Sabah set to deport 300 armed Filipinos
Gunmen’s demands rejected
Malaysia is not recognizing the 300 armed Filipinos who illegally entered Sabah last week as legitimate residents of the territory, and has decided to deport them back to Sulu in southern Philippines.
Sabah Police Commissioner Hamza Taib on Sunday said the gunmen had agreed to be deported but asked for a meeting with a prominent figure before deportation.
Hamza did not name the prominent figure, but said the police were making concerted efforts to arrange the meeting.
Speaking to reporters in Kota Kinabalu on Sunday, Datuk Seri Salleh Mat Rasid, director of the Bukit Aman Internal Security and Public Order, said talks with the intruders were over and that deportation proceedings would begin soon.
The armed group styling itself as the “Royal Security Forces of the Sultanate of Sulu and North Borneo” is holed up in the seaside village of Tanduao in Lahad Datu town, where they landed in speedboats on Feb. 12 after crossing the sea from Simunul Island in the Philippine province of Tawi-Tawi.
Their leader, Rajah Mudah Agbimuddin Kiram, brother of a descendant of the sultan of Sulu, claimed that he and his group, Tausug like most residents of Sabah, were returning to their “homeland” and demanded that they be recognized as the Sulu sultanate’s royal army and not be deported from the territory.
“We are not entertaining any demands. Actually, we are not giving them any kind of recognition,” Salleh said.
“We were there to ensure everyone’s safety. We are now finalizing the details of the deportation process,” he said.
As reported in Manila, Agbimuddin’s group is pressing the claim of the Sulu sultanate to Sabah, which the administration of President Aquino appears to have put aside to avoid complications in the Malaysia-brokered peace talks with the Moro Islamic Liberation Front (MILF).
But in Malaysia, the government and the security agencies report no relation of the Sulu sultanate’s claim to Sabah to the intrusion by Agbimuddin’s group.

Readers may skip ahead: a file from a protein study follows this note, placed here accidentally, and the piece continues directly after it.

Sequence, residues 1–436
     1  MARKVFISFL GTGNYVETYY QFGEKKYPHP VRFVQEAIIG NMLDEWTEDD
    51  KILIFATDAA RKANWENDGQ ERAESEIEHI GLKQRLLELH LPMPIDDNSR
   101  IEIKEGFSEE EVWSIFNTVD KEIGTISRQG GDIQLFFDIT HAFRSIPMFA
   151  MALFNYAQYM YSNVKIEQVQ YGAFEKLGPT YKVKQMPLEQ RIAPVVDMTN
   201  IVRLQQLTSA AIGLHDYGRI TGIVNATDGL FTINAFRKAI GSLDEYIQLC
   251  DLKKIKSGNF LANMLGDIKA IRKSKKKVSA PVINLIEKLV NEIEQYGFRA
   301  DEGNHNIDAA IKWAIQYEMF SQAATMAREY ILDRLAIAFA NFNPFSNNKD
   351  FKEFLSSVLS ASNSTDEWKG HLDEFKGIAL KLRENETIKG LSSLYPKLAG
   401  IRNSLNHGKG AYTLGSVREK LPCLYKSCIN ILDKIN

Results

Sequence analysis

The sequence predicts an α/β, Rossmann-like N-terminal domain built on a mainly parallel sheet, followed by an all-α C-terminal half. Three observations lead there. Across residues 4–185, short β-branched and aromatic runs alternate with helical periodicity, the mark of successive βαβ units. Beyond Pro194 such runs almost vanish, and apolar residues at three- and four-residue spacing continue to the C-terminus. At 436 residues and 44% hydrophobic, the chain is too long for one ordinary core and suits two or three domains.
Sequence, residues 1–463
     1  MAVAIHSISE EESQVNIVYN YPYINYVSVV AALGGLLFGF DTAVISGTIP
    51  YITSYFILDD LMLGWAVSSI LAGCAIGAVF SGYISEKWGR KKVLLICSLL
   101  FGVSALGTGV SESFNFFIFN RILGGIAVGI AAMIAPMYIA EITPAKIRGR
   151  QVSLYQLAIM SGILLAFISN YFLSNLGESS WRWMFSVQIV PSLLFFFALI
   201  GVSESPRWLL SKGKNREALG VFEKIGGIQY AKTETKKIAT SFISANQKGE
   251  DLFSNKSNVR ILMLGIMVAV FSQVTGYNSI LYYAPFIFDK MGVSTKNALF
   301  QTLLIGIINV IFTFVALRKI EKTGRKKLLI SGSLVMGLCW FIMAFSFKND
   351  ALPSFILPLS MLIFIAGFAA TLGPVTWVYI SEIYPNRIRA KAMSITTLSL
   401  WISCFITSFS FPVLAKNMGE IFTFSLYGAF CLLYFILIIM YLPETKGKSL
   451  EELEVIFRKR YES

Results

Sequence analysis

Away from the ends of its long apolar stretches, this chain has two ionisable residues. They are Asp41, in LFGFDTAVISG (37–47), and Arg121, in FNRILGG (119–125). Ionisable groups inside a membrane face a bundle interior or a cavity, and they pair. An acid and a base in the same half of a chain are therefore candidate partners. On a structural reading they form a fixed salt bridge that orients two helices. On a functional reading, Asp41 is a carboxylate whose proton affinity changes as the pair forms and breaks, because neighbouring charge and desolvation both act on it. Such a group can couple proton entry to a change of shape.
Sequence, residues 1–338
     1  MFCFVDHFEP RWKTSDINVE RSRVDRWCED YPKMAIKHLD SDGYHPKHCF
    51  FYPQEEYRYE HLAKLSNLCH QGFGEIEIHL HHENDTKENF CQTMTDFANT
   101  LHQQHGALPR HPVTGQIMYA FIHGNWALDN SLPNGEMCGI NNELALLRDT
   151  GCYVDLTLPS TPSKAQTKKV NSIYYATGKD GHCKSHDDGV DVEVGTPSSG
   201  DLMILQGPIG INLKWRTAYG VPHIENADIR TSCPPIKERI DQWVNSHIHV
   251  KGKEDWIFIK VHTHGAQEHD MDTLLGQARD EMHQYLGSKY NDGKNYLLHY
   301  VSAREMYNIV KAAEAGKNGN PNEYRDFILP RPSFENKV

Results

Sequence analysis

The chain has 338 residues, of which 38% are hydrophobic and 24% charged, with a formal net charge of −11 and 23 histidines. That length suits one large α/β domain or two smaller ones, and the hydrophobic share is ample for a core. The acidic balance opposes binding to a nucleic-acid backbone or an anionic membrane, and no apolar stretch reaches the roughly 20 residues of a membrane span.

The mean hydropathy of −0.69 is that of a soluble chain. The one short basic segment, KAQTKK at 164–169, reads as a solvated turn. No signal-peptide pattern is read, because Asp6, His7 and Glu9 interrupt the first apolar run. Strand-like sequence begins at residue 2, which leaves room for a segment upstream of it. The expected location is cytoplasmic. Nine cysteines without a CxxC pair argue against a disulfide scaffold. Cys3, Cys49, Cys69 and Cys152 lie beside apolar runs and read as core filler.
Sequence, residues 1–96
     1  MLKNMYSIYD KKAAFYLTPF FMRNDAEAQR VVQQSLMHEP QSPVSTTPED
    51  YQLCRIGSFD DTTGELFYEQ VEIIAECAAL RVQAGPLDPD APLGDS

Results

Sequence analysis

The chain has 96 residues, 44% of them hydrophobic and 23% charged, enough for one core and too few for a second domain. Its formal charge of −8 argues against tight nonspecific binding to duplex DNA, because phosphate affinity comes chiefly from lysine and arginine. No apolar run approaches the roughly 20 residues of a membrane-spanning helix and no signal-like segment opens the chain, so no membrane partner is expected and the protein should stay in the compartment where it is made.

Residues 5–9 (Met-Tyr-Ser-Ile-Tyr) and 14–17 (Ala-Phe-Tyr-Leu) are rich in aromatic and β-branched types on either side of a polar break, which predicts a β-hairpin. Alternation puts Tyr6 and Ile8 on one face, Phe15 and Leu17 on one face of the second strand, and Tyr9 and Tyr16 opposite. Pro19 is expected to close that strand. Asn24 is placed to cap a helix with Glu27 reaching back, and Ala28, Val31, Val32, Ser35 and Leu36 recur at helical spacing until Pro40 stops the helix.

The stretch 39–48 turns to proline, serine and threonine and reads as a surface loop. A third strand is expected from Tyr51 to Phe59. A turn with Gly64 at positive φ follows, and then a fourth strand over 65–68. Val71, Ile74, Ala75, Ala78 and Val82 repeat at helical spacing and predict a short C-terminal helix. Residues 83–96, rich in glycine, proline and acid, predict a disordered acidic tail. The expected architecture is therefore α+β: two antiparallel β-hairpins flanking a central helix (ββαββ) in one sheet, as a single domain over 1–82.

“There has been a lot of untrue reports and speculations about this incident,” Home Minister Hishamuddin Hussein said on Saturday, referring to reports that the intruders were militants or supporters of the Sulu sultan.
“I wish to stress that we will not in any way compromise the safety of Sabahans and the security of the state. Allegations that the government has compromised on this are not true,” he said.
Hamza denied that a descendant of the Sulu sultanate and a relative of Agbimuddin, Sultan Jamalul Kiram III, was assisting the talks with the gunmen.
“There is no such personality with such a name involved,” Hamza added.
If the Manila reports are true that Agbimuddin and his group traveled to Sabah to press the sultanate’s claim to the territory, they did it the wrong way, Hamza said.
“They came in illegally so this is the wrong platform. We advised them to go through the right channels and told them that we are sending them back,” he said.
In Manila, Malacañang said it was “disturbed” that Agbimuddin’s “journey,” supposedly authorized by a “royal decree” issued by Jamalul in November last year, happened at a time when the Aquino administration was threshing out a final peace agreement with the MILF.
“We find it disturbing that these incidents are occurring just as we are nearing a deal that will bring peace and development to Muslim Mindanao,” Strategic Communication Secretary Ricky Carandang said in a text message to the Inquirer.
Carandang refused to comment on reports that Agbimuddin’s so-called journey had to do with the Sulu sultanate’s claim to Sabah, saying the claim was a “delicate and sensitive issue.”
“[W]e will deal with it in a way that upholds our national interest. Beyond that it would not be prudent to discuss specifics,” he said.
Go to the UN
Also on Sunday, Harry Roque, a professor of law at the University of the Philippines, said Agbimuddin’s action should prod President Aquino to bring the Philippines’ claim to Sabah to arbitration in the United Nations.
Senatorial candidate Ernesto Maceda, a former Philippine ambassador to the United States, also said the government should consider bringing the Sabah claim to the UN.
Roque said Agbimuddin’s entry into Sabah was symptomatic of a long-pestering issue that the government had ignored in view of Malaysia’s role as facilitator in the peace talks with the MILF.
“Under international law, the Sultanate of Sulu should not have been the party pressing this claim, but the Philippine state,” Roque said. “This is something that the government seems to have forgotten. They have a right and they’re enforceable under international law.”
Maceda, a former senator, said a more vigorous pursuit of the Philippine claim could help resolve the territorial question involving the eastern Malaysian state.
“Renewed government effort is the only way to stop the followers of the sultan of Sulu from taking up arms and invading Sabah to press their claim,” he said.
Malacañang deferred comment on the Inquirer’s report Sunday about Jamalul Kiram’s 2010 letter to President Aquino on the Sulu sultanate’s stand on the peace negotiations with the MILF.
But Budget Secretary Florencio Abad said the Office of the Presidential Adviser on the Peace Process was looking into reports that the Kirams felt left out of the peace negotiations.—Reports from TJ Burgonio, Leila B. Salaverria, New Straits Times and The Star/Asia News Network
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